Managing diabetes

Managing diabetes

Diabetes Health Team

Your diabetes health care team is the team you can turn to when needing advice, tests or medical treatment.


The most important part of the diabetes health care team is you. You are the leader and are largely responsible for keeping your diabetes health care team on track. You will be responsible for your day-to-day monitoring and treatment. You are also in charge of your exercise and healthy eating program. However you don't need to do this alone. Your diabetes health care team is there to support and guide you.


But what exactly does the diabetes health care team do?


  • Provide you with ongoing support
  • Offer expert advice and information
  • Monitor the different parts of your body that can be affected by diabetes, such as heart, eyes, feet and kidneys
  • Explain to you and your family different diabetes management options
  • Provide referrals and prescriptions.


As the leader of your diabetes team it is important that you keep the other members informed of any changes to your management or health. This will help your team to provide you with the best advice, treatment options and support


A number of health professionals make up the diabetes health care team.


General Practitioner - Your GP remains your primary carer, and works with other members of the team.


The diabetes annual cycle of care is a checklist for reviewing your diabetes management and general health. Your GP will do this review to help you and your diabetes health care team manage your diabetes, and to reduce your risk of diabetes-related complications.


Endocrinologist / Diabetologist - A specialist in treating diabetes and similar conditions. They will help you develop your best diabetes management plan.


Diabetes Educator - Diabetes educators are health care professionals who assist people with, and at risk of diabetes, their families and carers with diabetes specific information.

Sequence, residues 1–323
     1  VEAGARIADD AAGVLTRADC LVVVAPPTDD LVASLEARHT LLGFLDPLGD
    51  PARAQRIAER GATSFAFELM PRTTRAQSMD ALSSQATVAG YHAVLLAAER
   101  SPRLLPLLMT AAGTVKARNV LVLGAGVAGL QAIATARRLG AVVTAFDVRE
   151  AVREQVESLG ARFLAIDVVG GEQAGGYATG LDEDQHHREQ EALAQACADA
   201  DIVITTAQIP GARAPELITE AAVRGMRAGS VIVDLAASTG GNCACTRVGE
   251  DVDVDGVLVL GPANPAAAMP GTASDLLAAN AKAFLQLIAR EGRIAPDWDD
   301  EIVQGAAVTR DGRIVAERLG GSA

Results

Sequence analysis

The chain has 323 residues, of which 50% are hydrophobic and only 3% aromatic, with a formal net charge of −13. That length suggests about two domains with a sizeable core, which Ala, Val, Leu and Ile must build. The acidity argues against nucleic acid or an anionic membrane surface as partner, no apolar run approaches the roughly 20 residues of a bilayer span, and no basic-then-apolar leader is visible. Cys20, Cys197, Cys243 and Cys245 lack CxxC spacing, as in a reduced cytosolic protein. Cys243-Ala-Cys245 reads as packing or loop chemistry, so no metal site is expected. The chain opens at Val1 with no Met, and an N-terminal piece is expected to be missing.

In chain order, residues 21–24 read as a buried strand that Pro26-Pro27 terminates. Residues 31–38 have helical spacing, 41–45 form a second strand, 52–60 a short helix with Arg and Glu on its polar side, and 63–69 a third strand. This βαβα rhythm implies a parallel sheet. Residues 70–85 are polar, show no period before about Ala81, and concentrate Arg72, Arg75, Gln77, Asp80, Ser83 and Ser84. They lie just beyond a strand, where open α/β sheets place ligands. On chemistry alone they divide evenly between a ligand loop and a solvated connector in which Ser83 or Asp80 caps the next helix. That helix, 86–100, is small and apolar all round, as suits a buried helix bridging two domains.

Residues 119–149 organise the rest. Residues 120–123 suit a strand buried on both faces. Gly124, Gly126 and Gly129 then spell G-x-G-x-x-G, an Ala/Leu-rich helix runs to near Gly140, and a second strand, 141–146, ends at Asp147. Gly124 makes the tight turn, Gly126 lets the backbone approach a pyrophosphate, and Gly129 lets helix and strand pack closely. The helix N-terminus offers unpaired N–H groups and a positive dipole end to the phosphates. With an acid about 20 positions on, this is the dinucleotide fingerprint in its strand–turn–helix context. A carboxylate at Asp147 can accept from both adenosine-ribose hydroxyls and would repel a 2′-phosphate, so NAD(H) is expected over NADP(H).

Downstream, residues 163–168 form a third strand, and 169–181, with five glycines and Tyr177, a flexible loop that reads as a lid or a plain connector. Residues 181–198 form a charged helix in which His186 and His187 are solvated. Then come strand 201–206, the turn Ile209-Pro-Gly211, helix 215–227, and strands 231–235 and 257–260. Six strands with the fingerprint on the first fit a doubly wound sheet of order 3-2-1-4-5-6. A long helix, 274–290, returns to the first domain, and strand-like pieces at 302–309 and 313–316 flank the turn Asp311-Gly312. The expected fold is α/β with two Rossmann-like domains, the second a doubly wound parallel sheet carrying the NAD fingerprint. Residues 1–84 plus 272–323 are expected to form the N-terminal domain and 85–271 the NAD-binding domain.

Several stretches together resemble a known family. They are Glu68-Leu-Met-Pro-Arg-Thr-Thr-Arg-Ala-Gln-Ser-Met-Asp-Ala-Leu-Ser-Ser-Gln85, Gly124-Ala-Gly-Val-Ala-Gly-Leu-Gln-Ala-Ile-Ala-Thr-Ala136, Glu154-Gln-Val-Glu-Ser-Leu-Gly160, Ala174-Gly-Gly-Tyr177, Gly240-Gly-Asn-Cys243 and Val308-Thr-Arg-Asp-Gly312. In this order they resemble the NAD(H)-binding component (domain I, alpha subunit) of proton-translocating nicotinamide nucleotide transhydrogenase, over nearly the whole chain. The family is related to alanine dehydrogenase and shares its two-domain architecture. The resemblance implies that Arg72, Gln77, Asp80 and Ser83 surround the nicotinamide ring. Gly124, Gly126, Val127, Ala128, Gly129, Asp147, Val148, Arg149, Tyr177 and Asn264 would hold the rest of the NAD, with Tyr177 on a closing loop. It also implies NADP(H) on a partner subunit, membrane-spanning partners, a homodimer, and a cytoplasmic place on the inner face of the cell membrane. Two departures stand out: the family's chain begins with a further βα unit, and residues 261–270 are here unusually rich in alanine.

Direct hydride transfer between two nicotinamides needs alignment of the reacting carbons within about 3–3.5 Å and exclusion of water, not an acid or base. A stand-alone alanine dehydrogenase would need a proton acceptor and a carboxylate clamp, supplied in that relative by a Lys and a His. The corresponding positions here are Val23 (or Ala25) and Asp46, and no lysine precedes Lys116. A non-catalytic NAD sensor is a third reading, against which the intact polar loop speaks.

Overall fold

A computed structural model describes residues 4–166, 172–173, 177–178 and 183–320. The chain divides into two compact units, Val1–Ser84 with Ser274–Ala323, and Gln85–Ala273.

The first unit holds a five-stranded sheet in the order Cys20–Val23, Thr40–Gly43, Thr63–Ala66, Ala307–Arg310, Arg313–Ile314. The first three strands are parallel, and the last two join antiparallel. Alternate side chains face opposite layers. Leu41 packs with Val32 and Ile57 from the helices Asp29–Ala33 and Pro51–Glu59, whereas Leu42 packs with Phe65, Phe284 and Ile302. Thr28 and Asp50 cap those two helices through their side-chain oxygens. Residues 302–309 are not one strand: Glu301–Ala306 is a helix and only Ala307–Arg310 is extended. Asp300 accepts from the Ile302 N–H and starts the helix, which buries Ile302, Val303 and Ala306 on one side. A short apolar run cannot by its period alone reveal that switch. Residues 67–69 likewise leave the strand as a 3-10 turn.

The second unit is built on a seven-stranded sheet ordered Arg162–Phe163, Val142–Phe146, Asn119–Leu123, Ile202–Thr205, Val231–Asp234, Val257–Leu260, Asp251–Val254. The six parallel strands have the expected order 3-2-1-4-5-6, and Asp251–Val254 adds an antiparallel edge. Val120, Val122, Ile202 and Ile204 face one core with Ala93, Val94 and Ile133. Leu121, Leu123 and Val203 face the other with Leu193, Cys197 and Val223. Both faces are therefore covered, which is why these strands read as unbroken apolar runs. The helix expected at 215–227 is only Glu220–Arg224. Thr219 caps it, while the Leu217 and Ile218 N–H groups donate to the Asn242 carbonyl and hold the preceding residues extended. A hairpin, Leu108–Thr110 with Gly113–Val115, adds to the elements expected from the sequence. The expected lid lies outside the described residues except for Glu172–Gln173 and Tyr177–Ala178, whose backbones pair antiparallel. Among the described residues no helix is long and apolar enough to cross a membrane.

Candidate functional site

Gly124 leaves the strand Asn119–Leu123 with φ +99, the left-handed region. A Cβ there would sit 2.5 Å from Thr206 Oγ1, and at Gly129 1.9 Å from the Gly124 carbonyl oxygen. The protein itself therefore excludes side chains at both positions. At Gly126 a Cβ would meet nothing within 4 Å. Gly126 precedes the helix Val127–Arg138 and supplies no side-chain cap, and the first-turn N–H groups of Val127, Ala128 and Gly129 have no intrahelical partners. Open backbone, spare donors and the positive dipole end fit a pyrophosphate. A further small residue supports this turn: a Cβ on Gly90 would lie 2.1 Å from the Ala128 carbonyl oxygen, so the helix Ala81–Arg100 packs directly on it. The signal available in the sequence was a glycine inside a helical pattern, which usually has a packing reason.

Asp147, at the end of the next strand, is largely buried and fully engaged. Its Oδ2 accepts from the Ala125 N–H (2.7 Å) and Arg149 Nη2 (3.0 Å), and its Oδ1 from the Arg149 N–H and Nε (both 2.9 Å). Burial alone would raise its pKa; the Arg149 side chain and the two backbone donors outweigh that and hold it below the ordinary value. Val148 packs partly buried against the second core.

Ophthalmologist / Optometrist - Specialists in eye disease. They will detect the impact of diabetes on your eyes before it affects your vision.


Podiatrist - A health professional that assesses and provides treatment for foot problems. He/she will teach you how to care for your feet and about the importance of suitable footwear.


Dietitian - Dietitians are experts in understanding diet, and provide nutrition advice to help with eating plans that maximise control of diabetes.


Counsellor / Psychologist - A professional trained to help others understand their emotions and potential in life. Being able to talk to someone about living with diabetes can help you build a healthy, balanced life and identify problem areas.


Dentist - Dental and periodontal problems are common in people with diabetes. Make sure your dentist knows you have diabetes, and have regular check ups.


Exercise professional - Exercise professionals help you increase your physical activity levels. If you haven't been physically active for a while, your doctor may refer you to an exercise professional who can tailor an individual fitness program for you.


Aboriginal health worker - An aboriginal health worker can join your team to provide you with culturally appropriate information.


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